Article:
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AGO Opinion 82181

January 20, 1982
Senator Carol McBride Pirsch
Member of the Legislature
State Capitol, Room 1126
Lincoln, Nebraska 68509

Dear Senator Pirsch:


This is in response to your questions pertaining to the effect of Nebraska Constitution, Article VII, Section 5, on LB 948 (your proposed Forfeiture of Drug Profits Act).

The first question you ask is whether money which may be "forfeited" under section (i) (g) of that Act is defined as a "fine, penalty, or license."

The answer is that such "forfeited" money is a criminal penalty.

Whether the term "money" under section (i) (g) of that Act indicates a "fine, penalty, or license" depends upon the interpretation of the term "forfeiture" as used in that section. In other words, does "forfeiture" of money under section (i) (g) constitute a "fine, penalty, or license"under that section?

First, it is noted that LB 948 pertains to revision or modification of Neb. Rev. Stat. §28-431 (SuPp. 1980), which is found in the Crimes and Punishments section of the Nebraska Revised Statutes. LB 948, like the statutory section to which it pertains, is clearly concerned with a criminal matter, requiring court hearing prior to any "forfeiture" for violation of drug and narcotics laws.

With reference to crimes and criminal matters, Black's Law Dictionary (Fourth Edition, 1968), page 778, has defined "forfeiture" as "something imposed as a punishment for an offense [and] frequently associated with the word 'penalty.'"




As pointed out in Corpus Juris Secundum, the forfeiture of specific property "used by a person in the commission of, or in connection with the commission of, a crime [is] . a punishment for the crime. . . the terms 'forfeiture' and 'penalty' are often used [in the criminal law] as being synonymous and interchangeable." 37 C.J.S., Forfeitures, §i, p. 5.

In addition, the Nebraska Supreme Court has apparently regarded the terms "penalty" and "forfeiture" as synonymous under the Nebraska criminal law.

For example, the case of School District of Omaha v. City of Omaha, 175 Neb. 21, 120 N.W.2d 267 (1963), discusses an attempt by the City of Omaha to "direct the payment of forfeited cash bail into the police relief and pension fund of the city" and it declares such an attempt to be "in direct conflict with Article VII, section 5 of the Constitution of Nebraska." The court goes on to say that "the Constitution provides that such penalties [referring to the forfeitures] shall be paid over to common schools." Supra. (Emphasis added.) The term "forfeiture" is synonymous, with "penalty."

Next you ask whether the money forfeited pursuant to section (i) (g) of LB 948 may be diverted from the school fund by statute.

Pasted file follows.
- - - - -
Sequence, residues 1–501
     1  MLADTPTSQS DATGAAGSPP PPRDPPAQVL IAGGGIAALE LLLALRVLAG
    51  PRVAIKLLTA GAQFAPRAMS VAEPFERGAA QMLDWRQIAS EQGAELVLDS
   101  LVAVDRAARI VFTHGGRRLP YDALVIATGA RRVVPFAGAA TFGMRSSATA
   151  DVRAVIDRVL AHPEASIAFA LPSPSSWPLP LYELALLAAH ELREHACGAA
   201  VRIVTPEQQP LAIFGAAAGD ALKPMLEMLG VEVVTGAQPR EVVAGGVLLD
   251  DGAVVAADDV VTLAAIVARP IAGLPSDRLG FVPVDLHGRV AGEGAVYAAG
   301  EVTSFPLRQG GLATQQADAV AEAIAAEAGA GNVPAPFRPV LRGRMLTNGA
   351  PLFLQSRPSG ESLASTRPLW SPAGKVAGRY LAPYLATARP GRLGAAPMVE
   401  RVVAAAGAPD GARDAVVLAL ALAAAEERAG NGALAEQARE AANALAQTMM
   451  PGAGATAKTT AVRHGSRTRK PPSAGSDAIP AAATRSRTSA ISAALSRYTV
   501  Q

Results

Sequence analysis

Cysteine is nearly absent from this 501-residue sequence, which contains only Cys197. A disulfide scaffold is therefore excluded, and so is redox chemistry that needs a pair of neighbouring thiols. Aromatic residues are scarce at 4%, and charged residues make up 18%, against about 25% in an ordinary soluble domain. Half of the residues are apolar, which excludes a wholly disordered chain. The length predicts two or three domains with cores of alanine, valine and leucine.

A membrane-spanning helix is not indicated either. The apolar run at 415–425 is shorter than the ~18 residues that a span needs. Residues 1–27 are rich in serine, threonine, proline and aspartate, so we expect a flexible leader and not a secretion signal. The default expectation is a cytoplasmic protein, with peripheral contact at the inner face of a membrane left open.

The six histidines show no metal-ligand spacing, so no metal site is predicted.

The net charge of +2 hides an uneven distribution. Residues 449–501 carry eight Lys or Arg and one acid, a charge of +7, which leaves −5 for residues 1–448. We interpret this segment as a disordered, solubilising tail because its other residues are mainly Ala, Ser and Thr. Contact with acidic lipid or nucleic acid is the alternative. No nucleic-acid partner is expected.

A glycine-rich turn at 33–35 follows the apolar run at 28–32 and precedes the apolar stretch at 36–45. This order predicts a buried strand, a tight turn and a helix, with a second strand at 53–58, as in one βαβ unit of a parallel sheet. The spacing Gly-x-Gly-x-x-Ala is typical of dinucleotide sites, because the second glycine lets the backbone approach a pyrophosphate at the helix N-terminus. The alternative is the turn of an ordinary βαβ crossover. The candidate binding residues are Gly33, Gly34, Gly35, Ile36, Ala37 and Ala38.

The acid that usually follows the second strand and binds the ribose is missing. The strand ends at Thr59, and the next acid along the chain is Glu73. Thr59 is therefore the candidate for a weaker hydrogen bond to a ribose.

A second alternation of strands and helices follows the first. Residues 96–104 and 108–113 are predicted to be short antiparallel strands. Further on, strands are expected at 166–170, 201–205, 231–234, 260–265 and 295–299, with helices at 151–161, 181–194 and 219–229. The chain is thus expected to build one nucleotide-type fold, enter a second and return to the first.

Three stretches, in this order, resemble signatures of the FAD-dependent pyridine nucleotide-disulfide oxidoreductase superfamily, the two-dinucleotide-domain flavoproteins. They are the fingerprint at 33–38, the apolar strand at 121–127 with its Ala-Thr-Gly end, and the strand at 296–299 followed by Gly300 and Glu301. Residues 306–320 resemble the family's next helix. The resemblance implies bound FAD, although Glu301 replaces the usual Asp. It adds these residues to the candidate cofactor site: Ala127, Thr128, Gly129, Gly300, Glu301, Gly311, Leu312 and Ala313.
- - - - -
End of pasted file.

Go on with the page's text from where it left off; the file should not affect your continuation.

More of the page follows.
The answer is no. The money may not be diverted from the school fund by statute.

The plain language of the Nebraska Constitution, Article VII, section 5, is that:

All fines, penalties, and license money, arising under the general laws of the state, except fines and penalties for violation of laws prohibiting the overloading ofvehicles used upon the public roads and highways of this state, shall belong and be paid over to the counties respectively, where the same may be levied or imposed, and all fines, penalties, and license money arising under the rules, by-laws, or ordinances of cities, villages, precincts, or other municipal subdivision less than a county, shall belong and be paid over to the same respectively. All such fines, penalties,



and license money shall be appropriated exclusively to the use and support of the common schools in the respective subdivisions where the same may accrue, . . .

As our court said in School District No. 54 v. School District of Omaha, 171 Neb. 769, 107 N.W.2d 744 (1961):

The Legislature can not enact a valid
law which conflicts with the Constitution. This court, as early as the case of City of Hastings v. Thorne, 8 Neb. 160, said: "That body (the Legislature) can legalize no act which they could not have authorized before it was done. In other words, they cannot validate that which the constitution either in express terms or by necessary implication prohibits."

Money forfeited pursuant to section (i) (g) of LB 948
is a penalty within the meaning of Article VII, Section 5, of the Nebraska Constitution, and the Legislature is therefore without authority to divert that money from the school fund by statute.

Finally, you have asked whether the use of a vehicle forfeited under LB 948 by the confiscating agency would be constitutional under Nebraska Constitution, Article VII, Section 5.

The answer is no. A confiscating agency may not use a vehicle which is forfeited under LB 948.

By defining the term "penalty" to include a "forfeiture" under the criminal law, we have also answered the question of whether a vehicle which is forfeited pursuant to LB 948 may be used by the confiscating agency.

As we stated earlier in this opinion, a criminal "forfeiture" is a "penalty." The "forfeiture" of a vehicle under LB 948
(a bill pertaining to a criminal matter) is therefore properly regarded as a "penalty." As a "penalty" it falls within the provisions of the Nebraska Constitution, Article VII, Section 5, and must be "appropriated exclusively to the use and support of the common schools."


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The interpretation as expressed by this opinion is further supported by Nebraska Constitution, Article VII, Section 7, which states, in part, that:

The following are hereby declared to
be perpetual funds for common school purposes of which the annual interest or income only can be appropriated, to-wit:

Fourth. The net proceeds of lands
and other property and effects that may come to this state, by escheat.

The foregoing opinion is consistent with our Attorney General opinion of April 25, 1956, page 226, which we have attached for your consideration.

Very truly yours,


PAUL L. DOUGLAS
Attorney General